- Not all the appeal has been determined, your Honour, that is so, yes.
- 3.3Similarly; and also: times have changed and so have IMore example sentences
- New Zealand know they are going to get a lot better: they made mistakes, and so did we.
- I went from an unfit person to a fit person and so can you!
- 3.4Expressing agreement: “It’s cold in here.” “So it is.”More example sentences
- ‘You were there, too.’ ‘So I was.’
- 3.5 • informal Used to emphatically contradict a negative statement: it is so!More example sentences
- ‘You're not Icelandic.’ ‘I am so.’
- 4In the way described or demonstrated; thus: hold your arms so so it was that he was still a bachelorMore example sentences
- And so it was that Mark ended up taking us home in his old pick-up truck at about 10:30.
conjunctionBack to top
- 1And for this reason; therefore: it was still painful, so I went to see a specialist you know I’m telling the truth, so don’t interruptMore example sentences
- There is very little between teams now they are all champions, so to say that any team should be outstanding favourites is not realistic.
- By the time we bought our tickets it was almost 5:30 so we hurried back to the hotel.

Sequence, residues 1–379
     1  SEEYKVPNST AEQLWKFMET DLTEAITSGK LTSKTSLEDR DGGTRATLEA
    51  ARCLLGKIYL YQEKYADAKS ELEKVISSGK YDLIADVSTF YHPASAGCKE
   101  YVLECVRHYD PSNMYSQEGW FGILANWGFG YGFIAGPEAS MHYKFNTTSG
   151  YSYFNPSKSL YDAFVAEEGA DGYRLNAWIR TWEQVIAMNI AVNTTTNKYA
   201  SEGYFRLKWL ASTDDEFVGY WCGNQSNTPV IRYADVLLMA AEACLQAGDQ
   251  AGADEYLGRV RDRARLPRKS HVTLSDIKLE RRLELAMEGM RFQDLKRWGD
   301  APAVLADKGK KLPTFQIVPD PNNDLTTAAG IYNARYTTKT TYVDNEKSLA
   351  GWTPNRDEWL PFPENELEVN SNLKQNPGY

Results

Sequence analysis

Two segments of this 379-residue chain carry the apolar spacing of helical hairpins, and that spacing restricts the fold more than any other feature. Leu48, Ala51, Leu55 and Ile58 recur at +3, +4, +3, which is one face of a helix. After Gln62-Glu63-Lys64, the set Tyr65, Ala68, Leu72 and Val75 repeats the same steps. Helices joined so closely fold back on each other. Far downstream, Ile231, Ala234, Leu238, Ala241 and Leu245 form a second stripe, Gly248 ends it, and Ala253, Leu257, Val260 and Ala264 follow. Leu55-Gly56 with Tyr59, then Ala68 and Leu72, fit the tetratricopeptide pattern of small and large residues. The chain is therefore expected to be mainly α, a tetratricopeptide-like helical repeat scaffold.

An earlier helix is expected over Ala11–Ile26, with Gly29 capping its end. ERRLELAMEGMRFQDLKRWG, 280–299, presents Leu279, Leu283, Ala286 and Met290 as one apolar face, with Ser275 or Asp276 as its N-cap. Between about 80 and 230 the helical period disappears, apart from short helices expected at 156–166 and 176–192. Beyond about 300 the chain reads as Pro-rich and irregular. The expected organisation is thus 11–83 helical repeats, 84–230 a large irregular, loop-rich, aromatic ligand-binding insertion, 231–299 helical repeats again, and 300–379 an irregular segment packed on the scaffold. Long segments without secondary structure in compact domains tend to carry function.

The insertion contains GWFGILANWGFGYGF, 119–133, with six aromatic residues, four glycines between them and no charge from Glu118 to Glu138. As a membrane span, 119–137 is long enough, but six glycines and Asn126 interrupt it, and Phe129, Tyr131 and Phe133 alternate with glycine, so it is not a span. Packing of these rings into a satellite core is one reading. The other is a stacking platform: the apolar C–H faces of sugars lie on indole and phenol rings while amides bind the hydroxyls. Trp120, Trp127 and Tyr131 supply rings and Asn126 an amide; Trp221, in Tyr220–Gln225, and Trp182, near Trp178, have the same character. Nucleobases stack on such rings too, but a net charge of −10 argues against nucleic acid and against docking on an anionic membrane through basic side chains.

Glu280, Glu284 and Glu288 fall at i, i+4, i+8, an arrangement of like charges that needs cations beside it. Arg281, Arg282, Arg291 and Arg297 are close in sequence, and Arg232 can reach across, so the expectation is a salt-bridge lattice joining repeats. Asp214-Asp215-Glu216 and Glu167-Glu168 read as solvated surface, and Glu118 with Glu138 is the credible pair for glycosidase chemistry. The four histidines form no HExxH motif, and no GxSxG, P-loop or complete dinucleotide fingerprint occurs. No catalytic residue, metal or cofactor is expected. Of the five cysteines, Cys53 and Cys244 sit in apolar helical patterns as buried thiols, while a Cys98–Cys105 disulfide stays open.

- I think I've been playing very well, so to say that my heart's not in it is hurtful.
- 1.1 (so that) With the result that: it was overgrown with brambles, so that I had difficulty making any progressMore example sentences
- When it was translated it usually meant no more to her than it did in English, so that she did not know what to reply.
- The lawyer said the American was inebriated at the time, so that he had lost control of his actions.
- 2 (so that) With the aim that; in order that: they whisper to each other so that no one else can hearMore example sentences
- We know from her letters that Frances destroyed the original, so that it would not injure her husband's reputation.
- She picks up the newspaper and holds it up so that she can't see me.
- Janelle said that she will take all of the kids out so that we can have a romantic night in.
- 3And then; as the next step: and so to the finalsMore example sentences